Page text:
Two methods of in vivo continuous microperfusion were used to evaluate separately luminal sodium concentration and fluid flow rate as factors regulating potassium secretion by the renal distal tubule of the rat. Emphasis was placed on evaluating changes in sodium concentration (43-97 mM) and flow rate (4-27 nl/min) within the physiological range. Absolute rates of Na, K, Cl, and H2O transport were measured. Results showed that increasing early distal flow rate without increasing early distal Na concentration significantly increased the absolute rate of potassium secretion by the distal tubule. In contrast, increasing early distal Na concentration, distal Na delivery, and distal Na absorption did not affect potassium secretion if flow rate was not changed. Further studies showed that reducing early distal Na concentration below the physiological range (to 15 mM) caused the direction of net sodium transport to be reversed but did not significantly reduce potassium secretion. Increasing early distal K concentration (to 34 mM) caused the direction of net potassium transport to be reversed. The rate of potassium secretion appears to depend in part on the luminal potassium concentration. Increases in luminal flow rate may increase the rate of potassium secretion by lowering the luminal K concentration.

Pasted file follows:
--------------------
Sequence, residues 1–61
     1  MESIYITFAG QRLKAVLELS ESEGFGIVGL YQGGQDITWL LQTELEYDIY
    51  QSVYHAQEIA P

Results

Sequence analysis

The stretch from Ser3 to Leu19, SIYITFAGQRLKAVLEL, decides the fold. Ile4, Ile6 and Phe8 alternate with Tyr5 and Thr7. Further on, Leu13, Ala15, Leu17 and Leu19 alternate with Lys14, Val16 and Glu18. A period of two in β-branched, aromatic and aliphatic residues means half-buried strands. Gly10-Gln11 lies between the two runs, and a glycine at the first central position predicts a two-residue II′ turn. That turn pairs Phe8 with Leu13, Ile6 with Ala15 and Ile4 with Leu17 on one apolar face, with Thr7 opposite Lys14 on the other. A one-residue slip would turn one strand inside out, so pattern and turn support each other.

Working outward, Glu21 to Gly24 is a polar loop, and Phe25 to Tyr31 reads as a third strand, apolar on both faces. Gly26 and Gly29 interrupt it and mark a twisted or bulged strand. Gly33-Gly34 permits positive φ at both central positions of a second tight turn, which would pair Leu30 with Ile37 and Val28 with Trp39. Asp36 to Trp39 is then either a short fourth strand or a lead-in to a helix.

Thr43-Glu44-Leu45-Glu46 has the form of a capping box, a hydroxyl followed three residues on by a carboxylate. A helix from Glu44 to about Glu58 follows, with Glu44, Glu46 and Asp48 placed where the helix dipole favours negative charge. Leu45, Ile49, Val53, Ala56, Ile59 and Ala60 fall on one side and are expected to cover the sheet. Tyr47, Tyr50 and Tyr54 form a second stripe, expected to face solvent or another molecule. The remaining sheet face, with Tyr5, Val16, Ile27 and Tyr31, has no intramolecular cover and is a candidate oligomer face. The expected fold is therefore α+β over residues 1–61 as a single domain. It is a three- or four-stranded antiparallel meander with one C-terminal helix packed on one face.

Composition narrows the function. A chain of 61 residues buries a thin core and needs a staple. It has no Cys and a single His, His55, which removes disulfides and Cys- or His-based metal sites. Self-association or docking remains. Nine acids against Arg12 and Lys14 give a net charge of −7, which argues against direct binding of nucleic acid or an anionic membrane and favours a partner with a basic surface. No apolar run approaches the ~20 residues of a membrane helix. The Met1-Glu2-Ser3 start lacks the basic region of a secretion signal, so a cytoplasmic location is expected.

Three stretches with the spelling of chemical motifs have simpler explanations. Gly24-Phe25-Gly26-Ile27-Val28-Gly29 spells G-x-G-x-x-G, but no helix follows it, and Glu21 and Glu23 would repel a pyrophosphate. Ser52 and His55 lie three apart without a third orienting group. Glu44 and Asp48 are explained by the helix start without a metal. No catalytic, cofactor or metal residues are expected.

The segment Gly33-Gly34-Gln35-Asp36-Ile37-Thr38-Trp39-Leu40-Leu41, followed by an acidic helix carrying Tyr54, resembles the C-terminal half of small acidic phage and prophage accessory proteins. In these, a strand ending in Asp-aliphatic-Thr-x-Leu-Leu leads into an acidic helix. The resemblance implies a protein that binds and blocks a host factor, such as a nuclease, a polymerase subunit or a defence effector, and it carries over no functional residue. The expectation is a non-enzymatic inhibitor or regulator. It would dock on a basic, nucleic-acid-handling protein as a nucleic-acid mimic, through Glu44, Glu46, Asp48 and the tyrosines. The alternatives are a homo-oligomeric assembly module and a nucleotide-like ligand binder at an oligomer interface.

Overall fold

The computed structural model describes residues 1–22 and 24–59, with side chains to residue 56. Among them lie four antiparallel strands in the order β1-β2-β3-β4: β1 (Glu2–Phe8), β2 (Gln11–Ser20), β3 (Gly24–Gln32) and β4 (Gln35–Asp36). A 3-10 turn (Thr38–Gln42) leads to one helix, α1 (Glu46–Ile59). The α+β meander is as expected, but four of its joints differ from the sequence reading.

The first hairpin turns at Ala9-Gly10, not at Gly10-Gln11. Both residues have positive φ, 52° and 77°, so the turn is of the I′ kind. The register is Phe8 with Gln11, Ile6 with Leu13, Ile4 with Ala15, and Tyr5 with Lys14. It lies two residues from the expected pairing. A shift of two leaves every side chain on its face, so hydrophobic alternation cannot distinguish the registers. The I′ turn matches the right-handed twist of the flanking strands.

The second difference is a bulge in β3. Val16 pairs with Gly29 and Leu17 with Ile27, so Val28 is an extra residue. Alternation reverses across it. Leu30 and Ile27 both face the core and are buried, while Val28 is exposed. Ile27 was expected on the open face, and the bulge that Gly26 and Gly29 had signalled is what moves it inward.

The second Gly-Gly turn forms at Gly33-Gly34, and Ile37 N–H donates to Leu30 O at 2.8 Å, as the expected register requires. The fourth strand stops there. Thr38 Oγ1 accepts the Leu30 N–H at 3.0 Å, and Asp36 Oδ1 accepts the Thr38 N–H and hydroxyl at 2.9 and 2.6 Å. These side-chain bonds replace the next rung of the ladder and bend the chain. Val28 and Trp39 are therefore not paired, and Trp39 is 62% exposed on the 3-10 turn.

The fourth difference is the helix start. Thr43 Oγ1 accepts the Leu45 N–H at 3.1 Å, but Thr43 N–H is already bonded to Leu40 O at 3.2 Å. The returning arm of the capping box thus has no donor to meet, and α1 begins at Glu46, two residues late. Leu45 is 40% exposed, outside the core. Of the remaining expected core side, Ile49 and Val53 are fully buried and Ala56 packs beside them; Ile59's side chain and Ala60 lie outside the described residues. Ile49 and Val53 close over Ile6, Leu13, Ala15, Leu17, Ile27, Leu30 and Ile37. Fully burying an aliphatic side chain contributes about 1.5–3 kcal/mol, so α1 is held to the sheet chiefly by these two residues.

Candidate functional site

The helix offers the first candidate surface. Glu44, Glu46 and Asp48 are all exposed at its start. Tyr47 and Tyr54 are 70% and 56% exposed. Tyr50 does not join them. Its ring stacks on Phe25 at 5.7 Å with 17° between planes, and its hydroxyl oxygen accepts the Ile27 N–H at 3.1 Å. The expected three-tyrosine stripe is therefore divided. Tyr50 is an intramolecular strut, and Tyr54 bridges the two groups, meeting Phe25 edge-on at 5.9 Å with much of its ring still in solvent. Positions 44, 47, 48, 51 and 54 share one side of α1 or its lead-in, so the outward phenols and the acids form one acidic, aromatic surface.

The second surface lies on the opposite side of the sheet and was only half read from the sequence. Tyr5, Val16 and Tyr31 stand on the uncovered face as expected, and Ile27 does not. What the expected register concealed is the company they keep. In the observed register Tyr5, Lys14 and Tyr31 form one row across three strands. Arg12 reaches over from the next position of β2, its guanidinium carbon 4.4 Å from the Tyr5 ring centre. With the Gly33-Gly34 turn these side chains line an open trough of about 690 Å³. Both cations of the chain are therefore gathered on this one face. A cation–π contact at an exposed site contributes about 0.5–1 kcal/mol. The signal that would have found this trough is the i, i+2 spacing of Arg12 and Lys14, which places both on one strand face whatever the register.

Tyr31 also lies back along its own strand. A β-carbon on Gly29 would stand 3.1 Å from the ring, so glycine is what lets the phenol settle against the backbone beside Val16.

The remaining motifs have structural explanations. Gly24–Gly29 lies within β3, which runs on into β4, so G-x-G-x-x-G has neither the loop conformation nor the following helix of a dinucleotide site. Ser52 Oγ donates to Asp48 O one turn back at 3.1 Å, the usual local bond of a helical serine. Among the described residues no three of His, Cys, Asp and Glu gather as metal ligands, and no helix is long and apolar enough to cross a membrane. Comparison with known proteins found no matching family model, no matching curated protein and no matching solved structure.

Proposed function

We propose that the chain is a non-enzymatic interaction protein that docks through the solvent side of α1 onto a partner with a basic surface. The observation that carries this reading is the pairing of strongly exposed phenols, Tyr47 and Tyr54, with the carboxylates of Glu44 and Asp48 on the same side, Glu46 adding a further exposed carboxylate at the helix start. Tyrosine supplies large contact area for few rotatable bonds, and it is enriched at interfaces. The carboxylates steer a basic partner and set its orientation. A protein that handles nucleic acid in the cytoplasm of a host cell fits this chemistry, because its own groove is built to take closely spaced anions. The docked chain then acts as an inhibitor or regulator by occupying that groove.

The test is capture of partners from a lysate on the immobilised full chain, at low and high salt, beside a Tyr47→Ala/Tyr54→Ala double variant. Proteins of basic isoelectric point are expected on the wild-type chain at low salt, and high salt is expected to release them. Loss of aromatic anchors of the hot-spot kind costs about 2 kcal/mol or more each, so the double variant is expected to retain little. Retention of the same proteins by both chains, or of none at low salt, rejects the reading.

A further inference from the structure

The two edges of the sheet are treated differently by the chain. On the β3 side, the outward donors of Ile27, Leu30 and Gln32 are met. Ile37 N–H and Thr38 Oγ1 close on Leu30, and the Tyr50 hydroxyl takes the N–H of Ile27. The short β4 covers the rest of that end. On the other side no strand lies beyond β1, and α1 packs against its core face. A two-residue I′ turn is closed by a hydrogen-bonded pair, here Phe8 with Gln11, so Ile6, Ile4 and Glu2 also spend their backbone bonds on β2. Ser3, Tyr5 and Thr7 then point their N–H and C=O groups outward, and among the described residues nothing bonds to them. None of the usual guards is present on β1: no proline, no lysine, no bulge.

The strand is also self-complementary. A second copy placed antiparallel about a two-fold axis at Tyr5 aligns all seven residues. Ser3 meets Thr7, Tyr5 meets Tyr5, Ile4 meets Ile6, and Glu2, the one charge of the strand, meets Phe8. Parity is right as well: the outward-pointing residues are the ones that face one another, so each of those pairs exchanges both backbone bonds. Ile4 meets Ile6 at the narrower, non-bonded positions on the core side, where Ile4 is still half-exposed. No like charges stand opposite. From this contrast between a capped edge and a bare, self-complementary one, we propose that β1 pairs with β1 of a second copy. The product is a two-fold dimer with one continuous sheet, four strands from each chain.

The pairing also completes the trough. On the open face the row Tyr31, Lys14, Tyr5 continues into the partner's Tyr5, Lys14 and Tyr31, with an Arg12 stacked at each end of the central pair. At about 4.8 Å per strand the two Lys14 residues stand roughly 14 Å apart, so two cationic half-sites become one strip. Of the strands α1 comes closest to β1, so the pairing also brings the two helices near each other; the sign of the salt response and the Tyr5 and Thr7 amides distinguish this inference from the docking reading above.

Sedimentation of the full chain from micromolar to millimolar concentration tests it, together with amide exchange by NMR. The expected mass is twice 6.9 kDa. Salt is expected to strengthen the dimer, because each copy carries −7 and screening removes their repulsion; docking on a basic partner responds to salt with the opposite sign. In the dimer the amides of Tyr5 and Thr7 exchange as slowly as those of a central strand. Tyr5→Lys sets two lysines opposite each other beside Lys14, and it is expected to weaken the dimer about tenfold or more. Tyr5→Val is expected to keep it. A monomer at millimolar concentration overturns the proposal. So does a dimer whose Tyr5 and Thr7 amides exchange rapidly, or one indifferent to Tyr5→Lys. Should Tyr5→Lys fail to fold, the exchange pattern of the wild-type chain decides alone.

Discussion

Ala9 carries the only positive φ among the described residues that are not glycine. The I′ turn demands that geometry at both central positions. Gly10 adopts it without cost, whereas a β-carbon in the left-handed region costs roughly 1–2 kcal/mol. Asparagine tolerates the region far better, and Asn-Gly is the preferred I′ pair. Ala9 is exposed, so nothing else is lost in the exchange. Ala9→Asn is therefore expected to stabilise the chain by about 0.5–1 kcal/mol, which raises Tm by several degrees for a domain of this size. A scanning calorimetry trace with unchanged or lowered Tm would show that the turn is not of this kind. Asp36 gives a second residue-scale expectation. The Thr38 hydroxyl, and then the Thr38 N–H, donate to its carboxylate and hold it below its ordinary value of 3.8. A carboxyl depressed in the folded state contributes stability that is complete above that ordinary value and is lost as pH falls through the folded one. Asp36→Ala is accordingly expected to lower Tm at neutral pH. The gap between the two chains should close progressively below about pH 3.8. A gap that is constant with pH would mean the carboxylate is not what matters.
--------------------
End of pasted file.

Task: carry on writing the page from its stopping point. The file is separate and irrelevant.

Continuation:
|Original language||English (US)|
|Journal||American Journal of Physiology - Renal Fluid and Electrolyte Physiology|
|State||Published - 1979|
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